1. Andy Worthington says...

    When I posted this on Facebook, I wrote:

    I’m posting early because I’m out this evening. Enjoy!
    Also it’s Day 5 of my quarterly fundraiser, and I’m still seeking $1500 (£900) to support me over the next three months – which I don’t think is a huge amount of money for the work I do. If you can help out at all – say, with a donation of $25 or £15 – it will be greatly appreciated.

  2. arcticredriver says...

    Wow. Thanks Andy. I meant to buy a copy of his book, but it seems to have rapidly gone out of print.

    As I read his words I couldn’t help thinking of the day when Omar Khadr is able to give a similar interview.

    I am afraid Omar faces an even more uphill battle to convince the public he is not a dangerous terrorist.

  3. Andy Worthington says...

    Hi arcticredriver,
    You may be able to get an e-book via Random House Australia:
    I think once Omar is out of prison and a free man the haters won’t have any more traction, and I’m sure there’ll be a wide audience for his autobiography, if he chooses to write one, but first of all, of course, the Harper government needs to grow up, and needs to accept that he must be paroled and released.

  4. arcticredriver says...

    There are newspapers that allow readers to leave comments to articles. Although there are fewer haters leaving comments now, the number of haters hasn’t dropped that much.

    I fear for his safety.

    I am also concerned that security officials will monitor his email, mail, tweets, phone calls, texts. If I were him I would follow Kristine Huskey’s example. When she got the list of Guantanamo names in a Valentine’s card, she quickly informed a security official.

    First, she had no way of knowing the list was a genuine list, from a genuine, sincere whistleblower. It could have been a nasty attempt to entrap her, sent by an agent provocateur. Even if it was sent by a sincere whistleblower, it might have been intercepted, so it was still a test.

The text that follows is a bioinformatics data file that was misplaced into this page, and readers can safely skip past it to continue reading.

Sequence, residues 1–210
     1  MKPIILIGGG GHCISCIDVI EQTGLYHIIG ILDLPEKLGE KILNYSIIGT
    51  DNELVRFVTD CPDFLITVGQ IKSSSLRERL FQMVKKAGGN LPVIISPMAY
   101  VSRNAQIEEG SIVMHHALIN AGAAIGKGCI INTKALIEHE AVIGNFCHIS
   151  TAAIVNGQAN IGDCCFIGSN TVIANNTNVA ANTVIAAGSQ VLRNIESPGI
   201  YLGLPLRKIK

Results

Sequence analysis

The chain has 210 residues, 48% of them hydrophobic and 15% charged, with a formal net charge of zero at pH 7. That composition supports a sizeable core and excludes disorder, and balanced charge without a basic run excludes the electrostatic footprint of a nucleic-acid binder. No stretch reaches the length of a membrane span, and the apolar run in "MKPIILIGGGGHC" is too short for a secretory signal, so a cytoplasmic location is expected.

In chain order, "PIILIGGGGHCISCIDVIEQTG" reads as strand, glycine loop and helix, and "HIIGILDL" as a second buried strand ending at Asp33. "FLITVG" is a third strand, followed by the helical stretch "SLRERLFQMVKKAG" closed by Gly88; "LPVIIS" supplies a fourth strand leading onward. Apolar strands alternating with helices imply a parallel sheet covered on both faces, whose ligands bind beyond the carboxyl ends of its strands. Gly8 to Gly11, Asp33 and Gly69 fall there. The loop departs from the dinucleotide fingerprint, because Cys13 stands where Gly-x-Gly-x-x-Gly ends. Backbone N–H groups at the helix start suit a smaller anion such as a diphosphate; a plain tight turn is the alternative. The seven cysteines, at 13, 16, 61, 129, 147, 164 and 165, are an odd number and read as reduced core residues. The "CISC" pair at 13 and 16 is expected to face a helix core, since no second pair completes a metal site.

I’d recommend to him that if he had fans to sounded like they were asking him advice about jihad, trying to recruit him to jihad, he tell his security liaison. Not only might they really be planning to attack our institutions, but security officials might be testing him with phony recruitment attempts, or they might be covertly monitoring his mail.

    Omar’s story is so complicated I would encourage him to follow Terry Hicks’ example. He kept to a simple message when he went around the world on his son’s behalf. He said something like, “I won’t claim my son has always been an angel. I am not asking for his release. All I am asking for is that he be given a fair trial.”

    I think the haters who assume he will become a jihadist or jihad supporter underestimate the power of growing up in a free country like Canada, or the USA or the UK. It’s my impression that the boys missed Canada, even though they had spent most of their childhood in Afghanistan and Pakistan, because Canada was such a culturally rich and stimulating environment for a child.

    I think he should stick to telling Canadians that. First, start by thanking Dennis and his other lawyers, the Professors at King’s University who drafted a personalized educational plan for him, and every other person who supported him. He can say that his Professor’s study plan helped reassure him that moderate muslims still had a place in Canada.

    Second, he should reassure those who call him a “Canadian of convenience”, who fear he hates Canada, and will use his release to attack Canada. He told CBC reporter Nazim Baksh that he looked forward to the day he could return, and enter the mainstream of Canada. I bet he looked forward to the day he could return to the mainstream of Canadian life every day since his capture. I bet he looked forward to returning to Canada in the years prior to his capture as well.

    Other people can be the first to point out that his guilty plea was meaningless; that he was a child, who didn’t choose to be on a battlefield. I think his story is so complicated that if he starts by defending his innocence, or starts by criticizing Harper, the most important parts of his story won’t get through.

  5. Andy Worthington says...

    Thanks, arcticredriver. I must admit I am less worried than you, because I think Omar is such a decent man, and has such solid support from so many friends and supporters, that he will not fall into any traps of be available for anyone’s dubious propagandist purposes. I certainly hope I’m right!

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Andy Worthington

Investigative journalist, author, campaigner, commentator and public speaker. Recognized as an authority on Guantánamo and the “war on terror.” Co-founder, Close Guantánamo and We Stand With Shaker. Also, photo-journalist (The State of London), and singer and songwriter (The Four Fathers).